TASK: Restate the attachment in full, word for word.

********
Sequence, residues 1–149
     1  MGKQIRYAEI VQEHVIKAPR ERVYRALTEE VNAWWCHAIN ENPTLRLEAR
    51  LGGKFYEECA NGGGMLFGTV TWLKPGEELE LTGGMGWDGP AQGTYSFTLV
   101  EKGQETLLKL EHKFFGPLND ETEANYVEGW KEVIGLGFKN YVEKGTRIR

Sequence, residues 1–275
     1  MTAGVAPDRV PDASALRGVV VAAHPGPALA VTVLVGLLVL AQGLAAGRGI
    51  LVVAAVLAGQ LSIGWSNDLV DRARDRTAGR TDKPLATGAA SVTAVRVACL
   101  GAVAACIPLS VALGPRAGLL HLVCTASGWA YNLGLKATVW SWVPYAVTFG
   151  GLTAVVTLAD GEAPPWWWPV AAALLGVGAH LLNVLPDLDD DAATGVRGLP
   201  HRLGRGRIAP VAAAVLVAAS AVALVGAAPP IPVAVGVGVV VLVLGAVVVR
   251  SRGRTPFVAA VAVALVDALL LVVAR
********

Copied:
Sequence, residues 1–149
     1  MGKQIRYAEI VQEHVIKAPR ERVYRALTEE VNAWWCHAIN ENPTLRLEAR
    51  LGGKFYEECA NGGGMLFGTV TWLKPGEELE LTGGMGWDGP AQGTYSFTLV
   101  EKGQETLLKL EHKFFGPLND ETEANYVEGW KEVIGLGFKN YVEKGTRIR

Sequence, residues 1–275
     1  MTAGVAPDRV PDASALRGVV VAAHPGPALA VTVLVGLLVL AQGLAAGRGI
    51  LVVAAVLAGQ LSIGWSNDLV DRARDRTAGR TDKPLATGAA SVTAVRVACL
   101  GAVAACIPLS VALGPRAGLL HLVCTASGWA YNLGLKATVW SWVPYAVTFG
   151  GLTAVVTLAD GEAPPWWWPV AAALLGVGAH LLNVLPDLDD DAATGVRGLP
   201  HRLGRGRIAP VAAAVLVAAS AVALVGAAPP IPVAVGVGVV VLVLGAVVVR
   251  SRGRTPFVAA VAVALVDALL LVVAR